Good news. Like people, cats are living longer lives -- and as cats age, they run into the same kinds of health issues older people do, including arthritis. Stiff and achy joints can make it difficult for older cats to use their litter pans, but don't despair. There are things you can do to make it easier for your mature cat to comfortably use its box.
Litter Box 101
Emily Levine, DVM, and an animal behavior resident of the Animal Behavior Clinic at Cornell University College of Veterinary Medicine says, "We remember to give medications, but we tend to forget about addressing food, water and litter box issues." Indeed, the normal litter pan may no longer be suitable for the older cat, especially if the sides of the box are high, making it difficult for your cat to step into.
A Box on Each Level
Besides arthritis, older cats can develop bladder and bowel control issues, so it's a wise idea to have litter boxes on each level of your home to make it easier for kitty to find and use the box. Remember, too: Some cats with arthritis may have achy joints that prohibit them from climbing up and down stairs to get to the floor where the box is located. Best to provide one box per kitty per home.
The more difficult it is for the older cat to get to his box, the more likely he may not use it. Some cats with arthritis or other health issues may "think outside the box," using the litter box only when it's convenient for them, so it's best to put the box in a place that gives him privacy but is easy to reach (not next to noisy or heat-producing appliances or your cat's food bowls).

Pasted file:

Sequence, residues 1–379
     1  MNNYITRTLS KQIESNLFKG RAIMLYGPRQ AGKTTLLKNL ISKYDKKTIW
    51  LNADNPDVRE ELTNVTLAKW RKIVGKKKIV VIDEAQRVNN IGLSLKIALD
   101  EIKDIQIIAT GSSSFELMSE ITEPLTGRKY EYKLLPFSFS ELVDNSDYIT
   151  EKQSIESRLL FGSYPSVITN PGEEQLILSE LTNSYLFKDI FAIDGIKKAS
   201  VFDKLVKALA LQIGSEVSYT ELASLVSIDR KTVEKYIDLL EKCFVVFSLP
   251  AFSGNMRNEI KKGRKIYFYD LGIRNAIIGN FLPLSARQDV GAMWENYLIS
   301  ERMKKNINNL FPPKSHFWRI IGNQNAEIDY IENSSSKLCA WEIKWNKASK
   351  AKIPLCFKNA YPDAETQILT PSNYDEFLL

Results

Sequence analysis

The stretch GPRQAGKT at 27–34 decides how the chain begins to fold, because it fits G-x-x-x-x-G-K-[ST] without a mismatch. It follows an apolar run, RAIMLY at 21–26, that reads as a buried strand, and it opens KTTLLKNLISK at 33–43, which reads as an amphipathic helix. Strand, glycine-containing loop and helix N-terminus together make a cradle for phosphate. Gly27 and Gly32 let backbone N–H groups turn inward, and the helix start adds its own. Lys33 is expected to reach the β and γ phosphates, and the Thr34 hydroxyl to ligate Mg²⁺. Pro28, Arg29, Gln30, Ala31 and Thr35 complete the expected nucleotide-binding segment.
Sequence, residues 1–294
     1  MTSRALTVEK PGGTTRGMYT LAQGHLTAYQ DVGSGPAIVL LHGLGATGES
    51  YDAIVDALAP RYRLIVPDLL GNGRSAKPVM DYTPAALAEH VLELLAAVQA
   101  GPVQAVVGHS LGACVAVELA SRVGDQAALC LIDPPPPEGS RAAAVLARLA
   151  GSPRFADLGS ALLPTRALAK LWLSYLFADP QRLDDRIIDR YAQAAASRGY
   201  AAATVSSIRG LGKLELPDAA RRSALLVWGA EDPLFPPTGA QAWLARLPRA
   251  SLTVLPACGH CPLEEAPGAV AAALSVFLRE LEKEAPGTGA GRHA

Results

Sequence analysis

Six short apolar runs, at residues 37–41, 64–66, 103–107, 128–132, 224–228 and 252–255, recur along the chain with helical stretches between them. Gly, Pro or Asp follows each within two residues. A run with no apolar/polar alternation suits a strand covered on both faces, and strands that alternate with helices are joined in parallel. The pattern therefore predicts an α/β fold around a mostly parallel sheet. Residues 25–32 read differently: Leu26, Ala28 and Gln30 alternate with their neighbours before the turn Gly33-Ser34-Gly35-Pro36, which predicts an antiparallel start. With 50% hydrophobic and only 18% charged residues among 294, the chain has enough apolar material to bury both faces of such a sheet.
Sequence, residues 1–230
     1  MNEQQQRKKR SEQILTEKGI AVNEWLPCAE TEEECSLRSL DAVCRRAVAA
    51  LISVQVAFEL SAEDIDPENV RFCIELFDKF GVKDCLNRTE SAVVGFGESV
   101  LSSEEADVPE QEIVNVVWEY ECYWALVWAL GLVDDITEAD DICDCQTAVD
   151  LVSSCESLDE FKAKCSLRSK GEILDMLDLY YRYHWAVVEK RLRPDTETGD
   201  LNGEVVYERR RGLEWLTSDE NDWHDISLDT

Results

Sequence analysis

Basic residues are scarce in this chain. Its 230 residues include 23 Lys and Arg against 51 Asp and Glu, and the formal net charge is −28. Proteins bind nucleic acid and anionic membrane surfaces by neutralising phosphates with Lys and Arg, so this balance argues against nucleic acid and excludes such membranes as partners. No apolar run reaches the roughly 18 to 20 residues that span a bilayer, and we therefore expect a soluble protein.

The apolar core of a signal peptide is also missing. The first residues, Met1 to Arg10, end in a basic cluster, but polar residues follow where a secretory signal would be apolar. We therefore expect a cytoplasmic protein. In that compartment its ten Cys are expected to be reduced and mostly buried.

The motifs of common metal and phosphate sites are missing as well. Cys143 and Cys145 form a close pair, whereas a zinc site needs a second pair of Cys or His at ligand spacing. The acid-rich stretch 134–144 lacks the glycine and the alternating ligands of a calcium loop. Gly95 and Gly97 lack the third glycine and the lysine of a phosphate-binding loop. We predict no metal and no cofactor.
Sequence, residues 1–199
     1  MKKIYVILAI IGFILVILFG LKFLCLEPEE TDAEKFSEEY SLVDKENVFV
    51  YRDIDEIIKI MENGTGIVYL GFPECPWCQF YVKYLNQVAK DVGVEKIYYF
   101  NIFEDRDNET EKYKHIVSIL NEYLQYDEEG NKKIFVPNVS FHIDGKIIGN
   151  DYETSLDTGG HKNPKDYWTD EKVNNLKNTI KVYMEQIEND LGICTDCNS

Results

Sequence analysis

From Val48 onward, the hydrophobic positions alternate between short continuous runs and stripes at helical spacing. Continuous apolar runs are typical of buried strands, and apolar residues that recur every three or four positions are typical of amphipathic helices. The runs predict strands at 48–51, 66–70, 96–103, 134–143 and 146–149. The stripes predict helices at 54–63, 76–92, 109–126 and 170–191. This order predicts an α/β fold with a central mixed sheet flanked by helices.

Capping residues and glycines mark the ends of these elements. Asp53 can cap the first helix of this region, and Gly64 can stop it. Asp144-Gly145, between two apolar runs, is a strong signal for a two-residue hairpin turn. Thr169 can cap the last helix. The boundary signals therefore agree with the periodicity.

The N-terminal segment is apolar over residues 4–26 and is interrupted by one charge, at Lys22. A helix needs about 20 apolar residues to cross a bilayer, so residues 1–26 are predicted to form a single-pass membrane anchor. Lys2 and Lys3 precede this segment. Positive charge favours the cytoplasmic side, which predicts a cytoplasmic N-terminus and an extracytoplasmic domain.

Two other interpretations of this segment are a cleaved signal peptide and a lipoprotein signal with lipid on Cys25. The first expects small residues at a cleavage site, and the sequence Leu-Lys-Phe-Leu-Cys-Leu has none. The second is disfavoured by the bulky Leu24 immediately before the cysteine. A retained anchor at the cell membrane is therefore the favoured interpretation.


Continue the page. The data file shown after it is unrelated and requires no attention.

Changing the Pan Plan
Sometimes older cats use the litter pan only when they need to urinate, doing "No. 2" elsewhere -- often in an inappropriate place in the house. If this is the case, you might try using a low-sided litter pan, such as a large cookie sheet, to encourage your kitty to do its duty in the appropriate place -- the pan (box). You also might put plenty of newspapers around the box in case your cat has an accident.
There are plenty of alternative, often expensive, boxes on the market -- some have covers with charcoal filters to wick away odors, others have automatic scooping devices -- but most of their innovations are for the owner's convenience, not the cat's. In fact, the cat may dislike such complications. A simple plastic box with unscented clay and a scoop is all that's needed. Always keep the box as clean as possible, even if it means scooping several times a day.
If your arthritic cat cannot climb into the box, you might try to cut down the front side of the box to make it easier for him to climb into (just be careful as you cut through plastic). Another option is to scatter doggie pads, which are like newspaper but more absorbing, around the litter boxes. Finally, be careful of how much litter you use. Only one-quarter to three-quarters of sand is necessary to fill the box.